On April 13, 2007, the Centers for Medicare and Medicaid Services (CMS) posted its annual proposed update to the hospital inpatient prospective payment system (IPPS) for fiscal year 2008. Included among the many proposed changes are new patient notification obligations concerning physician ownership and emergency response capabilities that could potentially apply to all hospitals.
In recent years, Congress and CMS have been keenly focused on specialty hospital development. In early 2006, Congress approved legislation that directed the Secretary of the U.S. Department of Health and Human Services (HHS) to prepare a plan for dealing with physician investment in specialty hospitals. HHS submitted the final required report to Congress on August 8, 2006, and in it detailed a variety of steps that CMS had already taken, and those they would be taking to address specialty hospital development.
Physician Ownership Notification
Among the steps that HHS said CMS would take was implementation of a requirement that hospitals report information on a periodic basis about investment and compensation relationships with physicians. The proposed rule that was unveiled last week elaborates on this requirement for the first time.
CMS is now proposing that all hospitals, not just specialty hospitals, that are "physician-owned" be required to notify patients of this fact and that a list of physician owners is available upon request. Interestingly, CMS is not requiring that physician-owned hospitals provide any related disclosure or report to CMS or other federal enforcement authorities, despite suggestions in the initial report to the contrary.
CMS is also proposing that physician-owned hospitals require that all physician owners who are also members of the hospital’s medical staff disclose in writing their ownership interest in the hospital to all patients they refer to the hospital, as a condition of continued medical staff membership. Patient disclosure would be required at the time a physician makes a referral. Notably, this would be an affirmative obligation upon the hospital, as well as the physician, and the hospital would be required to monitor and enforce.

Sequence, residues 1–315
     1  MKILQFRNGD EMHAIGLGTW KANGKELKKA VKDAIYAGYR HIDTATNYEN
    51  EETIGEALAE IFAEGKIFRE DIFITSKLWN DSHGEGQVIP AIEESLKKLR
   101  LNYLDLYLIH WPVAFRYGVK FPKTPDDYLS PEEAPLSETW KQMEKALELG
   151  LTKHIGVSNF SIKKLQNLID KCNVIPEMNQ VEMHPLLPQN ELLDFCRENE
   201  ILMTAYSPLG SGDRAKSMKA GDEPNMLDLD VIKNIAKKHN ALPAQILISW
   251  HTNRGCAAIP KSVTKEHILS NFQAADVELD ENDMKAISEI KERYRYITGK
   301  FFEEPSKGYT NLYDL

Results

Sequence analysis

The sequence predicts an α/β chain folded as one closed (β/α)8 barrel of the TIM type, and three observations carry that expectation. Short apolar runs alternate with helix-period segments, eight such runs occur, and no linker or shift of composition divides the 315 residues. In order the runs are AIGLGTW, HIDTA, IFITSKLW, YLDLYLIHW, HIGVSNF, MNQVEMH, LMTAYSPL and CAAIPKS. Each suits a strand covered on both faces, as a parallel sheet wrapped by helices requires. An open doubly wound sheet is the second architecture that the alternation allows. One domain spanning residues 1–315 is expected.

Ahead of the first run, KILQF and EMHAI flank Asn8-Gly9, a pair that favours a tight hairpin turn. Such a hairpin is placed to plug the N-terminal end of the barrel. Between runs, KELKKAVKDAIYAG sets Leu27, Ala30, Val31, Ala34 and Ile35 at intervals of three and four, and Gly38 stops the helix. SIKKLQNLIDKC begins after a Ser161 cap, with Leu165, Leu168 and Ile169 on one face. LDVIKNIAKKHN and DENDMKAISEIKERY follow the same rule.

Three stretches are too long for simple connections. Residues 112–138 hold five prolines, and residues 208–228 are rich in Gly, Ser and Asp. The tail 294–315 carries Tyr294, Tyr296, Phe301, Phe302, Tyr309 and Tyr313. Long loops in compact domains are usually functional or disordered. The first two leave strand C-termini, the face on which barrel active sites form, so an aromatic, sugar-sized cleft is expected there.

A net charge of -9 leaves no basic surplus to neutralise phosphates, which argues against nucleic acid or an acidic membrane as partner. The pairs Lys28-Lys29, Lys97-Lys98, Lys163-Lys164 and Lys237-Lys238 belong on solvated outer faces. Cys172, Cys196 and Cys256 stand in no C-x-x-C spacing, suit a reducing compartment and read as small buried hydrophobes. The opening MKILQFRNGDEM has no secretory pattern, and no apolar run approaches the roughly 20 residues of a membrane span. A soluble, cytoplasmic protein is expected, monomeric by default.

CMS is proposing to define a "physician-owned hospital" as any participating hospital in which a physician or physicians have an ownership or investment interest. The ownership or investment interest may be through equity, debt or other means, and would include an interest in an entity that holds an ownership or investment interest in the hospital, such as a parent holding company or health system. As proposed, this definition would encompass instances where the hospital is part of a larger for-profit chain that is publicly traded, and its physicians own securities, directly or through mutual funds, in that company. This definition would also include instances where physicians own hospital-secured bonds or other related debt. However, CMS is soliciting comments on whether, for purposes of the physician ownership disclosure requirements, certain exceptions from the definition of "physician-owned hospital" should be made, such as the exception found in the Stark law for ownership or investment in a publicly traded company or mutual funds.
In order to enforce these proposed requirements, CMS is proposing to deny or terminate a provider agreement, as the case may be, of a hospital that does not have procedures in place to provide these various notifications. As proposed, hospitals that fail to adequately police disclosures by their physicians to patients referred to the hospital could be threatened with loss of their provider agreement.
The 2006 HHS report to Congress indicated that CMS would also consider requiring hospitals to disclose certain physician compensation arrangements with physicians who refer to the hospital. CMS is not making a proposal along these lines at this time.